APRIL 1, 2019 — An insurance company that says it wants to simplify insurance has whittled its personal insurance policies for families down to three words.
The new product, named TriWord, bundles property and casualty coverages for auto, home and pets, according to the announcement by Pokono Insurance Co., which is based in Pennsylvania.
Pokono CEO Cy Bergmon said his company’s new product addresses the reality that families need several types of insurance to protect their interests and end up having to purchase multiple and unconnected policies that individually can be tens of thousands of words long.
“Insurance is important protection for any family, but few families have the time to actually read all of the words in even one of their policies,” Bergmon said in prepared remarks. “With the TriWord policy, families can be confident in their protection because their entire insurance program can be read in a split second.”
The move by Pokono comes following the announcement by a major property/casualty insurer that it has reduced its commercial lines policies for small businesses down to three pages.
Bergmon said Pokono will offer its TriWord policy first in the Northeast before eventually rolling it out nationally as it obtains state regulatory approvals. The company said it has already received approval from New York insurance regulators.
“We just wanted to be certain that firearms are excluded and they are so this policy is good to go as far as we are concerned,” said a spokesperson for the New York Department of Financial Services.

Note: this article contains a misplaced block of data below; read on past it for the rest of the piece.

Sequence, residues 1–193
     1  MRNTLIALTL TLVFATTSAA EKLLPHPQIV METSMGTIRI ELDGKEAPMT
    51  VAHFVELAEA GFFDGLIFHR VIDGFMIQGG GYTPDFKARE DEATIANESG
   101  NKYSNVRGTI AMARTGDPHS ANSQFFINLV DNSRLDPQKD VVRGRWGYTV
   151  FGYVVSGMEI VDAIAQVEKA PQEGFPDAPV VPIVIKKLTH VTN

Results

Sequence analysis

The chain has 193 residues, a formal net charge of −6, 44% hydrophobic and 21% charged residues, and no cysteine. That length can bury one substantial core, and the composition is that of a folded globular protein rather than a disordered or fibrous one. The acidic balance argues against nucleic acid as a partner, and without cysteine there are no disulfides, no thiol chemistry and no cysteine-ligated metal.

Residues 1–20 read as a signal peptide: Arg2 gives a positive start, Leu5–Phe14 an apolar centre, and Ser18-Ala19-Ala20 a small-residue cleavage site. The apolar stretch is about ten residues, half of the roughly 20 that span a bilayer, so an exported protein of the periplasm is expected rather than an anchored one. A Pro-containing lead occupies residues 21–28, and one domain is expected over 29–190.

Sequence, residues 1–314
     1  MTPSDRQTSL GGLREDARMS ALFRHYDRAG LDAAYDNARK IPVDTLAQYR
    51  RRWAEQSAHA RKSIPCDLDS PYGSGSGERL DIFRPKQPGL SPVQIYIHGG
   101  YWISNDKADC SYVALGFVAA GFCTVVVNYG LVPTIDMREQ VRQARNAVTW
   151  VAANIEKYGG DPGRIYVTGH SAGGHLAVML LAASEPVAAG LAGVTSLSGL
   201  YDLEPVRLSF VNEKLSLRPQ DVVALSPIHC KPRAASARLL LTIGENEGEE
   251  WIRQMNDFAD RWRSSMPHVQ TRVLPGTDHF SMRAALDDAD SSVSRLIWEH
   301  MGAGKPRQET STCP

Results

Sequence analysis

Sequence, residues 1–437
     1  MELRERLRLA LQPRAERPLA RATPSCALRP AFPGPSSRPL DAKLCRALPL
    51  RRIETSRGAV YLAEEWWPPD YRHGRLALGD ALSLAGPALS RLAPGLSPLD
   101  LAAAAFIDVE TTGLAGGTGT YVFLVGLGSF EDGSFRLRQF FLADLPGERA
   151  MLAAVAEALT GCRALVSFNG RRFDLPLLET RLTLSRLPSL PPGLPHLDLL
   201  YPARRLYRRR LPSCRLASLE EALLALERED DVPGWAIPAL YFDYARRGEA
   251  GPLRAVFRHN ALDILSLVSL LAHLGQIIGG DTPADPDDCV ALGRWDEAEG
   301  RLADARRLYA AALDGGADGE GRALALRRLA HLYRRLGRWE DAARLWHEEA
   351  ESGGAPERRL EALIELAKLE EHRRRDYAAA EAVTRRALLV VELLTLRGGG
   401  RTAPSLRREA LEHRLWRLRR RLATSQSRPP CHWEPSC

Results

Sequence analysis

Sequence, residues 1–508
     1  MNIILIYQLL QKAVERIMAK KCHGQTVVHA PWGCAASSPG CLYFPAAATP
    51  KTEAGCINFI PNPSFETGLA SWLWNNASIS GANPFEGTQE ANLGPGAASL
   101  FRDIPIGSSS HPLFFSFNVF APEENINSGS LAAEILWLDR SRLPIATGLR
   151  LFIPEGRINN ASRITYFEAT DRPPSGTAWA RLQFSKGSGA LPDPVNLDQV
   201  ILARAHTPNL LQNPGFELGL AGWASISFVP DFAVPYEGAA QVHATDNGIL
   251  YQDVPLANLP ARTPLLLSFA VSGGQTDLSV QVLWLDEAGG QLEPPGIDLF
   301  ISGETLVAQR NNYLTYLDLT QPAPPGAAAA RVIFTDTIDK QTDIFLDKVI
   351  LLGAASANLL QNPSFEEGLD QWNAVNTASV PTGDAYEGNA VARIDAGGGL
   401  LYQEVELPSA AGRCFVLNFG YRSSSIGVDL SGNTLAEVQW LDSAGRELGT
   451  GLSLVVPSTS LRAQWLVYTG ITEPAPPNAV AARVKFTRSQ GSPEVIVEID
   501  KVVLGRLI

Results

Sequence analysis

Pokono’s new coverage may appeal to a small but growing audience. Recent polling by Sowhat Media Research concluded that 37 percent of Americans read only 280 characters a day. That’s up from 30 percent last year. A majority (51%) is also frustrated with the process of purchasing insurance, a process they summarized as “protracted, confusing and verbose.”
While Pokono says its main motivation for the stripped-down policy is to better serve consumers, the company also boasts that there are other benefits.
“Think of the typing, time and trees this will save,” said Sally Greenfield, chief sustainability evangelist at Pokono.
Allie Iupp, executive director of the advocacy group, Insurance Buyers of America, said she received an advance copy of the TriWord policy but declined comment because she has not had time to read it.
Veteran industry coverage experts scoffed at the streamlined policy.
“It’s simply stupid,” said insurance educator Tris Biggs, CPCU, ARM, UCPC, ALCM, LPCS, AAI, IAA, III, IPO, APA, CWCA, NDA, CRIS, AINS, RIP, vice president and practice leader for Insurance Consumer and Agent Education, Engagement, Development and Relationships with the Independent Insurance Brokerages, Agencies and Employees of the United States of America (Big US).
“I hate it,” wrote well-known insurance coverage analyst and writer Willy Bilson in the introduction to his 12-part reaction in which he criticizes the whole simplification trend.
“You kidding me?” asked analyst Apryl Fyrst in her annual report.
The TriWord policy can be viewed here exclusively.
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